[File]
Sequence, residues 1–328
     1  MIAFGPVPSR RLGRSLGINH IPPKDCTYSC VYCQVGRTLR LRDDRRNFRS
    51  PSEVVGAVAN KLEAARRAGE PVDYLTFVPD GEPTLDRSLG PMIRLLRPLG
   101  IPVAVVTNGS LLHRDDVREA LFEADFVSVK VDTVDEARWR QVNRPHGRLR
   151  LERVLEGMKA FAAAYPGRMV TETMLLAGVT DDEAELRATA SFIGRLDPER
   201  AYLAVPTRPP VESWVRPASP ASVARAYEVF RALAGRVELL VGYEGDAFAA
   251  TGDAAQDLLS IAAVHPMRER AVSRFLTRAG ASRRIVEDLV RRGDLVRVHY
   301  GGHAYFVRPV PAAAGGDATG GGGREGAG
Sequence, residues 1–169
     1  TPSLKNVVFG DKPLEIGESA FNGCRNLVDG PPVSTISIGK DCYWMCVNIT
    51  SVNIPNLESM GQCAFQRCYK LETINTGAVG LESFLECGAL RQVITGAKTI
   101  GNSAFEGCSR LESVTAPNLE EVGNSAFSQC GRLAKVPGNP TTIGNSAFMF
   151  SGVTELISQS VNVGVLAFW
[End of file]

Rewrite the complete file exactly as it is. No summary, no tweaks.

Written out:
Sequence, residues 1–328
     1  MIAFGPVPSR RLGRSLGINH IPPKDCTYSC VYCQVGRTLR LRDDRRNFRS
    51  PSEVVGAVAN KLEAARRAGE PVDYLTFVPD GEPTLDRSLG PMIRLLRPLG
   101  IPVAVVTNGS LLHRDDVREA LFEADFVSVK VDTVDEARWR QVNRPHGRLR
   151  LERVLEGMKA FAAAYPGRMV TETMLLAGVT DDEAELRATA SFIGRLDPER
   201  AYLAVPTRPP VESWVRPASP ASVARAYEVF RALAGRVELL VGYEGDAFAA
   251  TGDAAQDLLS IAAVHPMRER AVSRFLTRAG ASRRIVEDLV RRGDLVRVHY
   301  GGHAYFVRPV PAAAGGDATG GGGREGAG
Sequence, residues 1–169
     1  TPSLKNVVFG DKPLEIGESA FNGCRNLVDG PPVSTISIGK DCYWMCVNIT
    51  SVNIPNLESM GQCAFQRCYK LETINTGAVG LESFLECGAL RQVITGAKTI
   101  GNSAFEGCSR LESVTAPNLE EVGNSAFSQC GRLAKVPGNP TTIGNSAFMF
   151  SGVTELISQS VNVGVLAFW